PHILADELPHIA – In January, Israeli voters will go to the polls for an election that promises to hand Prime Minister Binyamin Netanyahu a renewed mandate. Few prospects are more loathsome to the Israeli left, US President Barack Obama’s administration, most European leaders, or many American Jews.
But no one regards the prospect of another Netanyahu government with more anguish than the Palestinians. In the Arab-Israeli conflict’s long, tortured history, they have reviled no Israeli prime minister – with the possible exception of Ariel Sharon – more than Netanyahu. The reason is simple: he is one of them.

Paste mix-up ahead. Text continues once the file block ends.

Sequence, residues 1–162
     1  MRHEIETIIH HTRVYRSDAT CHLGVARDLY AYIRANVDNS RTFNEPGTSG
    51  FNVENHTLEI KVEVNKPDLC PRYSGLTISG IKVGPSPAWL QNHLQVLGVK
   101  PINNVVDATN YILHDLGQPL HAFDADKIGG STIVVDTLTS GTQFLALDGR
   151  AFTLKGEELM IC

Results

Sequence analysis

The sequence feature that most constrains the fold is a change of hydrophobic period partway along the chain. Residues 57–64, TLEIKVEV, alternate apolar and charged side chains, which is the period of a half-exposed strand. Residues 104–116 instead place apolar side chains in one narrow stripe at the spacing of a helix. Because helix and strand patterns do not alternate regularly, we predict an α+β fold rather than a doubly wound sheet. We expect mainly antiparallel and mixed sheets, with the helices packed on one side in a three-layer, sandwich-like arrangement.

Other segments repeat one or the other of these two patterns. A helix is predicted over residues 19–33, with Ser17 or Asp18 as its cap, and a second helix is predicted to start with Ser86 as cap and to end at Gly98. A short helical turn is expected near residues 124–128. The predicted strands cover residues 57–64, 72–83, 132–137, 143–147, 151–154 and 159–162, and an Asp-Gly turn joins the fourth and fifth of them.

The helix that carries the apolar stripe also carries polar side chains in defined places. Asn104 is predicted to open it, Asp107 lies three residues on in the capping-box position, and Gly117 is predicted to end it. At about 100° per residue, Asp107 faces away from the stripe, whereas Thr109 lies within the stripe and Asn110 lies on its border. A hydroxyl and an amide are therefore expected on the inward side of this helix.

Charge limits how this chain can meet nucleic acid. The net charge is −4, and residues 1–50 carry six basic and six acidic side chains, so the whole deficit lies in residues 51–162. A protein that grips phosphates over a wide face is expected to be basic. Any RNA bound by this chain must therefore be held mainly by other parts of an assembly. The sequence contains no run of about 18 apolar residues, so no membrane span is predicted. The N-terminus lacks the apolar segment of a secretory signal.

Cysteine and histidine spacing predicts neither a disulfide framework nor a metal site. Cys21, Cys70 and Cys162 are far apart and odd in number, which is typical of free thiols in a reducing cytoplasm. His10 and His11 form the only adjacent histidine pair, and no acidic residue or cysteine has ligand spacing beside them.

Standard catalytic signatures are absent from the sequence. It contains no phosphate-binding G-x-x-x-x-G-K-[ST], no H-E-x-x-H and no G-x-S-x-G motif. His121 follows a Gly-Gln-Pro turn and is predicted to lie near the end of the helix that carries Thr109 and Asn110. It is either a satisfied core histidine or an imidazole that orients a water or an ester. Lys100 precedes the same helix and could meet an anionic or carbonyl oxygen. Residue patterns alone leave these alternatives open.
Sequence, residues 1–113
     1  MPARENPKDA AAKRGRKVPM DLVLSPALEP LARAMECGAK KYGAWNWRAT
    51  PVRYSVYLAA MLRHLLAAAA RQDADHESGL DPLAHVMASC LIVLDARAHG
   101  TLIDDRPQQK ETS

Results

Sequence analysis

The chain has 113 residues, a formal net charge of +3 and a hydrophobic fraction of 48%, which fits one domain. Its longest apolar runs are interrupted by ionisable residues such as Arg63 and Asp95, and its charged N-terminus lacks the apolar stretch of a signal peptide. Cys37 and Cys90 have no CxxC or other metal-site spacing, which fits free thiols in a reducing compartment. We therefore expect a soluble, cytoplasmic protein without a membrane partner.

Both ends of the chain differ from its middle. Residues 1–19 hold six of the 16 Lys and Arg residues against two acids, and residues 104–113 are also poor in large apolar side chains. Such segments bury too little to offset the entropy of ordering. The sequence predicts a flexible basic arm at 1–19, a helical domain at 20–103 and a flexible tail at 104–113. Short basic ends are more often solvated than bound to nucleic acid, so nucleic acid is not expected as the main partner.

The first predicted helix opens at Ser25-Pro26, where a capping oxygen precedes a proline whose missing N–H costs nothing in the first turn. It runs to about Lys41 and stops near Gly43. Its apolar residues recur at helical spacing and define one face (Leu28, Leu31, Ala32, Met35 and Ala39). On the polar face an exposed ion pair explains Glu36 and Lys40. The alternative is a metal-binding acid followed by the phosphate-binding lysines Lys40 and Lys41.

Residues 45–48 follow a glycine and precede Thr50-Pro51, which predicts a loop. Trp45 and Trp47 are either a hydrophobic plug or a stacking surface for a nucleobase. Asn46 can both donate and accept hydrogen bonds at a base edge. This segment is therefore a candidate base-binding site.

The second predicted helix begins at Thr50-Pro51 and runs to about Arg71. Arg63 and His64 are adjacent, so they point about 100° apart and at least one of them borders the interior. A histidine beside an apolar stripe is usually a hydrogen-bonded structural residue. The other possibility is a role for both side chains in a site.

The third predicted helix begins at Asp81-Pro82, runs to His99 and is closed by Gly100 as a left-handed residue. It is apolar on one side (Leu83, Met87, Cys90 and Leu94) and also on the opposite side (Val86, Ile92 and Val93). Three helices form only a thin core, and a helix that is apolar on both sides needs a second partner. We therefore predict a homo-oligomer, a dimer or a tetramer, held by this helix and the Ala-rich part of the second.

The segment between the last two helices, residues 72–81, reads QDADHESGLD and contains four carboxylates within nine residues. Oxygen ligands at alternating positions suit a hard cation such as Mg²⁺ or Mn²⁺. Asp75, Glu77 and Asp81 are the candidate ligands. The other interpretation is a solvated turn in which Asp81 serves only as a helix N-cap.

Literally, of course, he is not. But, unlike previous Israeli prime ministers (again, with the possible exception of Sharon), Netanyahu has emulated the Palestinian political strategy of sumud, or steadfastness.
The philosophy of sumud is rooted in Palestinians’ implacable belief in the righteousness of their cause and the justness of their methods. It operates both passively and actively in Palestinian culture, demanding stubbornness and tolerating ruthlessness, violence, and duplicity.